Written by: Tracy Vogel, Staff Writer - VetCentric.com
Contrary to pet food commercials, most pets aren’t hugely picky about what they eat.
Seriously’look at what we feed them. Would it’barring some kind of dare with a serious monetary stake’get anywhere near our mouths? Not likely.
"Dogs are disgustingly non-specific eaters," said Glenn Brown, a nutritional advisor to the Canadian Veterinary Medical Association. "Cats do get flavor fatigue."
Though having your pet refuse food is a rare problem’usually keeping them away from food is the difficulty’it does occur. When it happens, the first necessity is to check for a health problem, veterinarians said.
"More often than not, you can find something medically wrong," said Dr. Maureen Ricksgers of The Cat Hospital, Northampton, Mass. Health problems indicated by lack of appetite can range from mouth sores and dental problems to renal disease and stomach problems.
If your pet’s pickiness isn’t a health problem, other factors may be in play. Animals can lose their appetites over stress, Mr. Brown said. Your pet may be jealous of a new housemates’people or animals’upset at a move and new surroundings, or even concerned about a new dog next door.
They might not recognize their food as edible, if their exposure to different types of food was limited as a puppy or kitten.
They may be getting too many treats, which naturally taste better than pet food, encouraging them to wait for a better offer before settling for kibble.
Or you might have an animal that’s "just plain fussy," Mr. Brown said. In which case your best bet is to figure out what the pet likes to eat’try different types of food, different textures and flavors.
That doesn’t mean you should overreact, said Dr. Tony Buffington, a professor and nutrition specialist at Ohio State University’s College of Veterinary Medicine. "Put out the food and leave the animal alone," he said. "Try to decrease the focus on the food."
Some people hover over their animals as they eat, like anxious mothers wanting a child to clean his plate. "It’s too much pressure," Dr. Buffington said.
Sometimes the problem is that people look at the bowl instead of the pet, Dr. Buffington said. If you’ve ever gone to dinner with someone who ate more than it looked like he would, or less than it looked like he would, you know what he means. "They’re perfectly healthy’there are different ranges of metabolism," he said. "Most animals that people say are holding out don’t look malnourished."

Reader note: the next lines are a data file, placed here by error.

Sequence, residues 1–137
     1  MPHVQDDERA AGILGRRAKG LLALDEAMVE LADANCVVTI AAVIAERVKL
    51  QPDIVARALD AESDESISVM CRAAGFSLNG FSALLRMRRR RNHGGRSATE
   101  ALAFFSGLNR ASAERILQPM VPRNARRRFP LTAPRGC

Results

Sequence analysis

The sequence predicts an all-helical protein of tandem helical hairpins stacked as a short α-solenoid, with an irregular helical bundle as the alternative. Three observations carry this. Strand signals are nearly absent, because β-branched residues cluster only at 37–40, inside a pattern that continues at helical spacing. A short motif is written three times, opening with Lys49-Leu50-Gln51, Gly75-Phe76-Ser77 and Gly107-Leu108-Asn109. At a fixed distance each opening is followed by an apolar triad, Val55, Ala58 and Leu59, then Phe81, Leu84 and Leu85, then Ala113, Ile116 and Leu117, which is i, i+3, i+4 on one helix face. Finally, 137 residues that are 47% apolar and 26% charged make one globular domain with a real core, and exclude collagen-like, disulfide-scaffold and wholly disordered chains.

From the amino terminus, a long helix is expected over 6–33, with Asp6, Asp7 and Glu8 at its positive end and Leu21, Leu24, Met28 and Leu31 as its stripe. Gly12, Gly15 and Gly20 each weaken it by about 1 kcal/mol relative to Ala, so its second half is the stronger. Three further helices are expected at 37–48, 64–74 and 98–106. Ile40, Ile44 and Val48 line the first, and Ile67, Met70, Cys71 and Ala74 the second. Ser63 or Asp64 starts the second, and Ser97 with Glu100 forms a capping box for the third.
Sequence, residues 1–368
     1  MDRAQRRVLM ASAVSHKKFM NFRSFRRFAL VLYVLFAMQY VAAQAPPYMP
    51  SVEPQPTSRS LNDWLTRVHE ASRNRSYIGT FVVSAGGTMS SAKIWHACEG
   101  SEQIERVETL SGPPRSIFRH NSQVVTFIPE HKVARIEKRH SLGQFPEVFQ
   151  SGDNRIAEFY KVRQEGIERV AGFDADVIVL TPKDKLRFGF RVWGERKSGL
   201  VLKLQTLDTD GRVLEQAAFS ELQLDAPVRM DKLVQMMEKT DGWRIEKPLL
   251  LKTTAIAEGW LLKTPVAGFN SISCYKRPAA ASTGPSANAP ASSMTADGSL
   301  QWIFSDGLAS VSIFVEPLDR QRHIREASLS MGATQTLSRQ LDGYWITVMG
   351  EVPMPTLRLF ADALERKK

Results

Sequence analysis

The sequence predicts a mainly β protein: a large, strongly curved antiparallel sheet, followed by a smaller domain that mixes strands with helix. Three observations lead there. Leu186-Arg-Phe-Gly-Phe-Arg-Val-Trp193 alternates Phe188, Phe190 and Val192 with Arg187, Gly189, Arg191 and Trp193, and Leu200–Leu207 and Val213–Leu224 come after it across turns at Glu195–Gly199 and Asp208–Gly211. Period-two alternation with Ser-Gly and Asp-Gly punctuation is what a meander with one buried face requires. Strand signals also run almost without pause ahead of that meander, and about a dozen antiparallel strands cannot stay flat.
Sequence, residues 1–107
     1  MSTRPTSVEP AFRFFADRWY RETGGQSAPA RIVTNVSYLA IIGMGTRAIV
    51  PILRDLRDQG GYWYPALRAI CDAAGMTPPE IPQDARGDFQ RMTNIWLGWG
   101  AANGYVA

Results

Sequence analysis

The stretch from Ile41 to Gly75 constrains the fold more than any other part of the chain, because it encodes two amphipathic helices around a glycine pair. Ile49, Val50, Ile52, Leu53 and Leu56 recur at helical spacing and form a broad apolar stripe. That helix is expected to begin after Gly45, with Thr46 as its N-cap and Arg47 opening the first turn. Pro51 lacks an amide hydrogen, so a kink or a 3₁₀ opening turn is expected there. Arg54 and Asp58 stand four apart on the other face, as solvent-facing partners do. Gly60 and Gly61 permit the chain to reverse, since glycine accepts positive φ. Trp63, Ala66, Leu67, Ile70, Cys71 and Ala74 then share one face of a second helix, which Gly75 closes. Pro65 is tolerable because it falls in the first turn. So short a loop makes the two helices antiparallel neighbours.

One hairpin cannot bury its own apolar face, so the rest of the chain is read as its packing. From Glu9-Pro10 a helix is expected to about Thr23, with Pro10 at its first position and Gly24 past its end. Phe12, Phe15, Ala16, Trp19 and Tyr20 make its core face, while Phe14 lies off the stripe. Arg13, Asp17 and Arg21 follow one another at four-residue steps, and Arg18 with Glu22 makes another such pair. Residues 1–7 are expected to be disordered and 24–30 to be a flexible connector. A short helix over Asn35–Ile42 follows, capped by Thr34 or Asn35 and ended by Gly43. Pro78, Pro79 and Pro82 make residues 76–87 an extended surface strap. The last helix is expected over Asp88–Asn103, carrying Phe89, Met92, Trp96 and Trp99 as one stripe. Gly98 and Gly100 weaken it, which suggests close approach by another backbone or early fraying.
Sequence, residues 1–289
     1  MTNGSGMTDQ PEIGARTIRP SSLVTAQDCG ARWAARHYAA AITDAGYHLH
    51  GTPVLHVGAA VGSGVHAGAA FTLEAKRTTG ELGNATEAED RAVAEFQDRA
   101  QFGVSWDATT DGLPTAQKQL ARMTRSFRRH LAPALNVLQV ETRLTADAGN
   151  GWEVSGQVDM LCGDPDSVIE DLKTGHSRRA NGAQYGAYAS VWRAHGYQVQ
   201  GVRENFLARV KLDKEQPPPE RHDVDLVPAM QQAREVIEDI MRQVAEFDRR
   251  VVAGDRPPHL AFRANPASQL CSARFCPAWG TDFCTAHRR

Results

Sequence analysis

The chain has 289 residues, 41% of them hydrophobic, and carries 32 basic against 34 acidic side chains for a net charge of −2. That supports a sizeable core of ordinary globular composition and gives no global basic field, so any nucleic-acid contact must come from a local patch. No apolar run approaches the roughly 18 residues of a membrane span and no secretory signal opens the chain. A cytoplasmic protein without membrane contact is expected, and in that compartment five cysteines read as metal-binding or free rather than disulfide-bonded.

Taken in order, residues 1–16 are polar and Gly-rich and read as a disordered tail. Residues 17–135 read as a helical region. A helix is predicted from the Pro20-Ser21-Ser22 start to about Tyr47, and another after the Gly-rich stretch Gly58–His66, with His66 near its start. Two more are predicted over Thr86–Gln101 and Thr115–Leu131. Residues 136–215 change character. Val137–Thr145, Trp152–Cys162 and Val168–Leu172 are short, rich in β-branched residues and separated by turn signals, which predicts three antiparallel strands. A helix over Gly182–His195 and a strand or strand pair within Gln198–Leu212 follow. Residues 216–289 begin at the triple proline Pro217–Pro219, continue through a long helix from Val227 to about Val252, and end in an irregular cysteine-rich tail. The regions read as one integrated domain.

If you have a picky eater, you can try a few different things. First, get your pet on a feeding schedule’don’t leave food out for it to eat at will.
Two meals a day suffice for both large and small dogs, said Dr. Matt Sherwood of Tomball Veterinary Clinic, Tomball, Texas. When the pet is young, you should start "timed feeding"’give the animal a measured amount of food it can eat in 10 to 20 minutes.
If the animal doesn’t eat after the set time period, pick the food up and put it away, Dr. Buffington said.
Whatever the pet ate in that 10 to 20 minutes is a normal meal for your pet’one of the benefits of scheduled feeding is that you’ll be able to tell when your animal is sick by its lack of appetite, Dr. Sherwood said.
The schedule is important for cats as well as dogs, Dr. Ricksgers said. Failure to eat’even a few meals’can contribute toward liver disease, she said. "Sometimes that’s the only symptom."
If your pet doesn’t want kibble’he wants the lasagna leftovers he’s used to eating’you need to moderate the treats, veterinarians said. If stress over a new pet in the household is the cause of your pet’s lack of appetite, you can try feeding them in separate rooms.
Give each pet a quiet feeding place, Dr. Sherwood said. Dogs that eat beside one another will gulp their food, racing each other to the finish. Cats don’t have that problem, but they’ll feed more peacefully away from one another.
Altering your pet’s diet can also help. Veterinarians disagree about the effectiveness of that approach, with some arguing that pets will cheerfully eat the same thing day in and day out, and others saying a little variation is a good thing. "You can give dogs a variety without problems," Dr. Sherwood said. (Of course, there are some animals that simply won’t tolerate variety, or can only be fed a certain type of diet.)
If you do decide to switch foods, let the transition take place over a week or so, gradually blending the foods in together as you switch, to avoid making your pet sick, veterinarians said. As with people, if you suddenly switch food on a pet, it could develop an upset stomach or diarrhea.
Finally and surprisingly, taking some of the emphasis off food seems to help in many dietary cases, Dr. Buffington said. "Our American culture is intensely fixated on the interaction between food and love," he said. "People, I think, transfer that to their animals."
Focus on an alternative activity that doesn’t involve feeding time, he suggested’it could be taking your dog for a walk, or teaching your cat tricks. "I know it sounds flaky, but it’s been my experience," he said. "It provides an additional mechanism of emotional expression, and then they don’t need eating behavior as an emotional expression."
Article republished here with permission from VetCentric.com
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